• Experience – Here you need to allow people some room to grow, stretch and make mistakes.  Then evaluate those experiences with them to make sure they are learning from that experience.
  • Assessment – You need to debrief often with people so that they are clear on the objectives and expectations you have.  This should be done one-on-one and in teams.

The last role is that of development.  This is the hardest of the three roles because it takes the most time.  However, this is the most powerful role a leader has and brings the biggest results in the long run.

  • Training for personal growth – Here your time with them has a different focus, it’s more on their personal growth and having a plan for them in that area.
  • Influence – In this role you are more a presence and the people you lead will set their own objectives and strategies with your oversight.  They will take initiative on their own and you are more their cheerleader.
  • Personal Focus – You should have a plan for each team member based on where they are at in  their development.
  • Character-oriented – Here is where you dig a little deeper and talk about character qualities and work on developing stronger character and healthier relationships
  • Few – You usually can’t do this with everyone on your team.  This should be your high potentials.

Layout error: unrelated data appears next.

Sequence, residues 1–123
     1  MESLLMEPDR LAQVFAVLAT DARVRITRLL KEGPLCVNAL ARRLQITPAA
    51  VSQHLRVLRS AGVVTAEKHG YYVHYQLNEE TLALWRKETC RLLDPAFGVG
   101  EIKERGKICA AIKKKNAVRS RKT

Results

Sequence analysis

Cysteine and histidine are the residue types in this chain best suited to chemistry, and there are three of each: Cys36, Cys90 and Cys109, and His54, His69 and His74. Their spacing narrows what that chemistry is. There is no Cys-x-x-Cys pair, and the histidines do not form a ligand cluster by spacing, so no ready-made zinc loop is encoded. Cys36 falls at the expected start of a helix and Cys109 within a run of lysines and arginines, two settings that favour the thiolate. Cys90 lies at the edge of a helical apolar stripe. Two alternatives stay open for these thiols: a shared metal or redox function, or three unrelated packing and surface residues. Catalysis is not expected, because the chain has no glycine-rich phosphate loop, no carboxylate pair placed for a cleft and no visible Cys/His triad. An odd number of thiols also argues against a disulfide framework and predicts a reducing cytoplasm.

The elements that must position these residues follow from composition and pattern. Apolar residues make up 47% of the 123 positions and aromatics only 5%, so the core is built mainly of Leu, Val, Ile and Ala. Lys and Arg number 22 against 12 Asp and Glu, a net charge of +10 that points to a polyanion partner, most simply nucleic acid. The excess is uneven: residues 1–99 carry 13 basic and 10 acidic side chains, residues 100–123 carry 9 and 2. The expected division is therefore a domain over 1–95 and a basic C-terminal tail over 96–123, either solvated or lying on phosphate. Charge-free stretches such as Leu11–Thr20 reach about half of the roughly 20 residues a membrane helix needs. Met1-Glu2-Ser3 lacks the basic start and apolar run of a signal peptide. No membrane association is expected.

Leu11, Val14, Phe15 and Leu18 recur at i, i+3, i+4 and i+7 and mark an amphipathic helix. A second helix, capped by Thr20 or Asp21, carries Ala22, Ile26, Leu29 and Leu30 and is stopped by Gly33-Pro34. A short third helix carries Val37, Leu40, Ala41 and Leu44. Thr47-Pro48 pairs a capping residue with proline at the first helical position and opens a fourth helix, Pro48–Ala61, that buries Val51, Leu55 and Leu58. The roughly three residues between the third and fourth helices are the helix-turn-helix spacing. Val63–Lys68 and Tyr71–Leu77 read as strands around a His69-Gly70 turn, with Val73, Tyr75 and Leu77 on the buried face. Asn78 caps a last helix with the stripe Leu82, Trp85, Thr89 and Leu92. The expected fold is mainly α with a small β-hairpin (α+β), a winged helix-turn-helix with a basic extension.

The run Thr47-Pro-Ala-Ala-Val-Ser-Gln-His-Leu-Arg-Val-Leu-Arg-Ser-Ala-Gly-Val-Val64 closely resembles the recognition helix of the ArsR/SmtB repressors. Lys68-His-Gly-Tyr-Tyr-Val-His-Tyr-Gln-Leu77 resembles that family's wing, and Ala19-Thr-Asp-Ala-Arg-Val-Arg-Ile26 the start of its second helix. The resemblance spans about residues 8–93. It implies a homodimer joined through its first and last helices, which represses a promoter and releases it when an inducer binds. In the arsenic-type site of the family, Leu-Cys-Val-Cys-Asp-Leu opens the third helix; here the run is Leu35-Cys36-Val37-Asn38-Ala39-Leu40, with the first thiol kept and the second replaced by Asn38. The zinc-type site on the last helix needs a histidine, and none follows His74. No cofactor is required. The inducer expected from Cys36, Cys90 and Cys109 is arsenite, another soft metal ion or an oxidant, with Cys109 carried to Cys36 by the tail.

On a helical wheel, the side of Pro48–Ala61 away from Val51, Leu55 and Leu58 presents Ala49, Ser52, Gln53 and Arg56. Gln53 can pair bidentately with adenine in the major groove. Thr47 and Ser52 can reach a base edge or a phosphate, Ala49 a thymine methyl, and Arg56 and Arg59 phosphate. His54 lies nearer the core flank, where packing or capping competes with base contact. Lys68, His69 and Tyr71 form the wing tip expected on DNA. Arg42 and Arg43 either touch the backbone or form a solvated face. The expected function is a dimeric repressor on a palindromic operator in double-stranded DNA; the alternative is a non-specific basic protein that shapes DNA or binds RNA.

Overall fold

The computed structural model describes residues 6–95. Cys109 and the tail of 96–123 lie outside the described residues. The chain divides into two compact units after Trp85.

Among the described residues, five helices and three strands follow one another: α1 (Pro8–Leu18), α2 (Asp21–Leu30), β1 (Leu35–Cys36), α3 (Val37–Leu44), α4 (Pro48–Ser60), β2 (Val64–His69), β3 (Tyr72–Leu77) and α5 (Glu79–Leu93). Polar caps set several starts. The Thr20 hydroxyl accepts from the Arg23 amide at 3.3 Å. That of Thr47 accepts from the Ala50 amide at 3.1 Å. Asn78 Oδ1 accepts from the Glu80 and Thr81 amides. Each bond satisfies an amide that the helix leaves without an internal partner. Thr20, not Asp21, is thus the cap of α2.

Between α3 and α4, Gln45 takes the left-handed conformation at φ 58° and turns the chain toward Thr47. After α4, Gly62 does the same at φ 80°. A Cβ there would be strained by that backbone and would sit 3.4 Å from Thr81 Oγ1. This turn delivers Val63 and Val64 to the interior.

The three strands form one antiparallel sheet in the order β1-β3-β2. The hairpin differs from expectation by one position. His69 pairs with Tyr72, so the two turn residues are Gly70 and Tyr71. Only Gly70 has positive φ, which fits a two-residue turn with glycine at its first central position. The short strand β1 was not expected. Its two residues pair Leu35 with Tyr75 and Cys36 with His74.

• Empowering – Here is when you can allow them to lead and get out of their way
  • Mentoring – Your role is more of a mentor, sharing your life experience with them and answering the questions they have.

These roles are all vital and you will have to play each role every day based on personal and work situations.  At times you will need to shepherd and care for even your most talented people.  It takes some time and practice to be able to switch gears based on the situation and the person, but the results will be worth it.

Secure Leaders Empower People

One of the keys to effective leadership is to empower the people that you lead. In a growing organization empowerment is a must, otherwise the leader becomes a bottleneck or a barrier within the organization. If the leader continues to block people instead build people, the people, especially the leaders will begin to leave. If you want to be a successful leader, you need to learn to empower people instead of trying to control people.  I love this quote from Theodore Roosevelt “the best executive is one who has the sense enough to pick good men to do what he wants done, and the self-restraint enough to keep from meddling with them while they do it.” Empowering people is hard work, it takes a lot of self-restraint to not get involved with things when people want to do things a little different than what you would do.

Leaders that empower are able to lift people up.  They work hard to add value to people and develop people and then empower them to do what they are asked to do.  This is a skill set that can take some time to develop, but if you can do this well you will grow your organization in a healthy way.  So how do you empower people?